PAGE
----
(AP, 9/28/05)
2005        Sep 28, Argentina’s Senate removed Antonio Boggiano from the Supreme Court finding him guilty of arbitrary, biased and inconsistent rulings. He was last of justices left from the 1990 Supreme Court additions made under Pres. Menem.
    (Econ, 10/8/05, p.46)
2005        Sep 28, In Australia a team from Holland, known more for its windmills than its sunshine, won a four-day, 1,860 mile, international solar-powered car race across deserts, notching up their third straight victory. The "Challenge," to design and build a car capable of crossing Australia on the power of daylight, was launched in 1987 and teams and individuals from corporations and universities throughout the world take part.
    (AP, 9/29/05)
2005        Sep 28, Brazilian police recovered about $4.3 million of the $70 million stolen last month in a heist from Brazil's Central Bank, making five arrests in one of the world's biggest bank robberies.
    (AP, 9/28/05)
2005        Sep 28, China announced color-coded emergency measures to avert or handle an influenza pandemic amid fears that a deadly strain of bird flu could mutate and infect millions of people around the world.
    (AP, 9/28/05)
2005        Sep 28, In Colombia a man in a wheelchair who hijacked an airliner two weeks ago was ordered released from jail on a court technicality, a decision that sent officials scrambling to issue a new arrest warrant. Porfirio Ramirez and his 17-year-old son Linsen armed with hand grenades, seized the Aires airliner with 24 people aboard on Sept. 12, surrendering five hours later at a Bogota airport without injuring anyone. A judge ordered the release saying that prosecutors had presented insufficient evidence at a hearing to keep holding the man.
    (AP, 9/29/05)
2005        Sep 28, Egyptian police in the Sinai peninsula shot dead two men suspected of organizing bombings which killed 67 people in the Red Sea resort of Sharm el-Sheikh in July.
    (AP, 9/29/05)
2005        Sep 28, French police commandos swooped onto the deck of a ferry seized by striking unionized sailors in the Mediterranean Sea, recapturing the vessel and steering it back toward France. Butler Capital Partners, the private investment firm picked by the government to take over ferry operator SNCM, said 350-400 jobs might be lost in the privatization.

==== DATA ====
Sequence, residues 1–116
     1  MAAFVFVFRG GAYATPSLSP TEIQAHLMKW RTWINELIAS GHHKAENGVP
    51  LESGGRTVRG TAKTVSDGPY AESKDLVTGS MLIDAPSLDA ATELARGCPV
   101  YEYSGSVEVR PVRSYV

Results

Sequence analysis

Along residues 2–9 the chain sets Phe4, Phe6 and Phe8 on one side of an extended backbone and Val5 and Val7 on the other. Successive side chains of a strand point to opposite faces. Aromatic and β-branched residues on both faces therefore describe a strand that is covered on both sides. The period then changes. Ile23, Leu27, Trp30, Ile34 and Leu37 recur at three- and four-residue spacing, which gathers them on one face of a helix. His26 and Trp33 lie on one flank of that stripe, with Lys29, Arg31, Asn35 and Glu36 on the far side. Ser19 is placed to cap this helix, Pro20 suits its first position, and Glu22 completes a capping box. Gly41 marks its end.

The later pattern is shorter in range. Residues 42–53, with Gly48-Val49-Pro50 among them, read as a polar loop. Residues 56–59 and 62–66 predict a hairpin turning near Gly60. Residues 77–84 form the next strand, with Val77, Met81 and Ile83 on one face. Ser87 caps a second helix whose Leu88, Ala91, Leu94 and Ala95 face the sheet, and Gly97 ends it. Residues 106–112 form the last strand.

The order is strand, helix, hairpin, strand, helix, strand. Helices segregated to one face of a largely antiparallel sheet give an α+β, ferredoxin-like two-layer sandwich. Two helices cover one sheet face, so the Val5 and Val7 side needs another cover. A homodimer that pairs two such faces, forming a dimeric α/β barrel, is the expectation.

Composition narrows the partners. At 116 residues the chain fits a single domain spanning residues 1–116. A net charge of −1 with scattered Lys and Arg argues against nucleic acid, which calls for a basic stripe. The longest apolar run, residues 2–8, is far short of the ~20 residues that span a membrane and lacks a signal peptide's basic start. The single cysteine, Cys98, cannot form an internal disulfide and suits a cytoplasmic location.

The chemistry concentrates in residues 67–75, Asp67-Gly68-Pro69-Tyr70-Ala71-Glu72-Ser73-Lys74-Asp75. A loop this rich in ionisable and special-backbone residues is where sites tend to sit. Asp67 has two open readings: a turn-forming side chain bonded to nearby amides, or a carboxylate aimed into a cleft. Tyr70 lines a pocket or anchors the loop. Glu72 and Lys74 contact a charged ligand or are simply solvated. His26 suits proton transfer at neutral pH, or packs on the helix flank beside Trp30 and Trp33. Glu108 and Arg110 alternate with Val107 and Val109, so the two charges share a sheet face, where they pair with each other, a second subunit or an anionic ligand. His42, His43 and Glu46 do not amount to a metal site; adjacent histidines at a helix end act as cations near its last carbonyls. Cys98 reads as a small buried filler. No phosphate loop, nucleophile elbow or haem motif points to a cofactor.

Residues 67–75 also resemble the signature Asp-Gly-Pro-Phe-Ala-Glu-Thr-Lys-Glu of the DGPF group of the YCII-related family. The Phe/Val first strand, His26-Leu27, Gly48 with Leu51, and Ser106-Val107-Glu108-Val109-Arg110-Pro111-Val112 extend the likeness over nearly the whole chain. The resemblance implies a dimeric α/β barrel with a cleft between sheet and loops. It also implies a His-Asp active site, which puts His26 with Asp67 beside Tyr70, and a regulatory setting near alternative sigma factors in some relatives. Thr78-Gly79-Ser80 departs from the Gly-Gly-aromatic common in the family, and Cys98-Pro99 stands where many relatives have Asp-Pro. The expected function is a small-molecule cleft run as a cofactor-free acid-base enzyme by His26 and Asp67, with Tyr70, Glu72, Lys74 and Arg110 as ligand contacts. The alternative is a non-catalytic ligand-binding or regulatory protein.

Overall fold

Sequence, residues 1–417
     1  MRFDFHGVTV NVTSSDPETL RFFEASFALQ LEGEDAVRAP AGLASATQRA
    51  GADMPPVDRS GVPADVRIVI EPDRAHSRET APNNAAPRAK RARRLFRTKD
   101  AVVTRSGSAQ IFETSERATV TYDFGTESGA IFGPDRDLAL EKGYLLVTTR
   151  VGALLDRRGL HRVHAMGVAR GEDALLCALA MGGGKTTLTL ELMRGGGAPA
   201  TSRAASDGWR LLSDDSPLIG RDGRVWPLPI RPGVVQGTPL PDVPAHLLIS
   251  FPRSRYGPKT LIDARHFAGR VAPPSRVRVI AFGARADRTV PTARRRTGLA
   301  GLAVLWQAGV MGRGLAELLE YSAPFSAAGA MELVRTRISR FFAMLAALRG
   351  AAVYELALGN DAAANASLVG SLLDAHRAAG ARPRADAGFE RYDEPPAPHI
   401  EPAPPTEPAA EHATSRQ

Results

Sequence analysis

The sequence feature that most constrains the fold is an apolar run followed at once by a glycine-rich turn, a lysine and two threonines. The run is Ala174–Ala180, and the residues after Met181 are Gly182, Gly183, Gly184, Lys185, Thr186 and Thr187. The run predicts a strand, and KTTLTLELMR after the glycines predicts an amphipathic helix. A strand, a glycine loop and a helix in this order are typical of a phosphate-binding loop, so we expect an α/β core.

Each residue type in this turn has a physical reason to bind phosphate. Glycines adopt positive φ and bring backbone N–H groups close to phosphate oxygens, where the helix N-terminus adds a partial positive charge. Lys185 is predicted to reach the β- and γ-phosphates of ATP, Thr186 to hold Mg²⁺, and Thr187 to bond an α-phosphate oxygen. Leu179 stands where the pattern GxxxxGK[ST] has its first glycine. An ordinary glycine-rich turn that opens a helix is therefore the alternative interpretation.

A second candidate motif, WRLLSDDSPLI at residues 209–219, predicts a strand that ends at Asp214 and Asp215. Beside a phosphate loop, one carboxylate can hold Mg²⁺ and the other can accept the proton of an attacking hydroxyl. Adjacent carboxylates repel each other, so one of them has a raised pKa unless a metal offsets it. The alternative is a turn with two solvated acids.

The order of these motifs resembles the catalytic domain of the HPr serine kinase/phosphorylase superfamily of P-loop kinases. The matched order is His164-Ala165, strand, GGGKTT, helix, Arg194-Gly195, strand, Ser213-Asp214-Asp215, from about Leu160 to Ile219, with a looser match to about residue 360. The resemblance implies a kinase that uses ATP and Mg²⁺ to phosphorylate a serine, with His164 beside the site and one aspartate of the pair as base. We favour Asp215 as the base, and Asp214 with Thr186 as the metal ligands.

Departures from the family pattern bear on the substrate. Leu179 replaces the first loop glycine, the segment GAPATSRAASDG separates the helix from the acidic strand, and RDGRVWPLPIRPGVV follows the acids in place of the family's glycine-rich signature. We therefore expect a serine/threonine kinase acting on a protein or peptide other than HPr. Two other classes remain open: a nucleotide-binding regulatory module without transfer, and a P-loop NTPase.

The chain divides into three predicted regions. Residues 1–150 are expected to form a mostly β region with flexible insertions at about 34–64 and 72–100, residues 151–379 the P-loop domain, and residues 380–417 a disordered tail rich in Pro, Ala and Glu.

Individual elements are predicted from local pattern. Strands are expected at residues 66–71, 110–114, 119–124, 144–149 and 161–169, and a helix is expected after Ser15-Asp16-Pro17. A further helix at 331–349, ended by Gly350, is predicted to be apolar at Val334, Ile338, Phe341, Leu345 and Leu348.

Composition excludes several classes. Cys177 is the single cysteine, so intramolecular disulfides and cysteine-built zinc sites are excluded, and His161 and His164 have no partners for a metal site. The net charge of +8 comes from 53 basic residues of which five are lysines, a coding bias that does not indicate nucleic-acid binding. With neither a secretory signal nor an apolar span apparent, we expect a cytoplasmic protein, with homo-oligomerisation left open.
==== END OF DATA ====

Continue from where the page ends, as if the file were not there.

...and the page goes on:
(AP, 9/28/05)
2005        Sep 28, Germany's outgoing parliament voted overwhelmingly to keep its troops in Afghanistan for another year.
    (AP, 9/28/05)
2005        Sep 28, In Haiti Rev. Gerard Jean-Juste, a jailed Catholic priest who was suspended from his religious duties for political activities, appealed to church authorities to reverse a punishment that supporters claim was intended to halt his growing influence in the Western Hemisphere's poorest nation.
    (AP, 9/28/05)
2005        Sep 28, A woman strapped with explosives and disguised as a man blew herself up outside an Iraqi army recruiting center in the northern town of Tal Afar, killing 7 other people and wounding at least 35 in the first known attack by a female suicide bomber in the country's bloody insurgency.
    (AP, 9/28/05)(SFC, 9/29/05, p.A12)
2005        Sep 28, In Najaf, Iraq, an attacker set off an explosion in the home of a bodyguard of radical Shiite cleric Moqtada al-Sadr, killing two people and wounding five others.
    (AP, 9/28/05)
2005        Sep 28, In Iraq 5 US soldiers were killed in a roadside bombing in Ramadi.
    (AP, 9/29/05)
2005        Sep 28, Widening its five-day campaign against Palestinian militants, Israel for the first time fired live artillery shells into the Gaza Strip and shut down 15 West Bank offices suspected of distributing money to families of suicide bombers.
    (AP, 9/28/05)
2005        Sep 28, Italian Premier Silvio Berlusconi said a $5.2 billion project to build flood barriers to save Venice from its high tides will go forward.
    (AP, 9/29/05)
2005        Sep 28, In Indian Kashmir 6 Islamic militants were killed in two shootouts including one near the border with Pakistan, while suspected rebels killed a civilian. 4 militants were killed in a gunbattle that erupted when police raided a militant hideout in the northern district of Kupwara near the ceasefire Line of Control with Pakistan. Two other rebels died in a fierce gunfight that broke out when soldiers launched a search for militants in a village in the central district of Budgam.
    (AP, 9/29/05)
2005        Sep 28, In Nigeria 2 oil workers, one Briton and the other from Ireland, were kidnapped in the southern delta.
    (Reuters, 9/29/05)
2005        Sep 28, In Pakistan a security official said agents raided a home near the capital of Islamabad and arrested Asif Chotto, the reputed head of Lashkar-e-Jhangvi, an al-Qaida-linked militant group accused of killing hundreds of minority Shiites.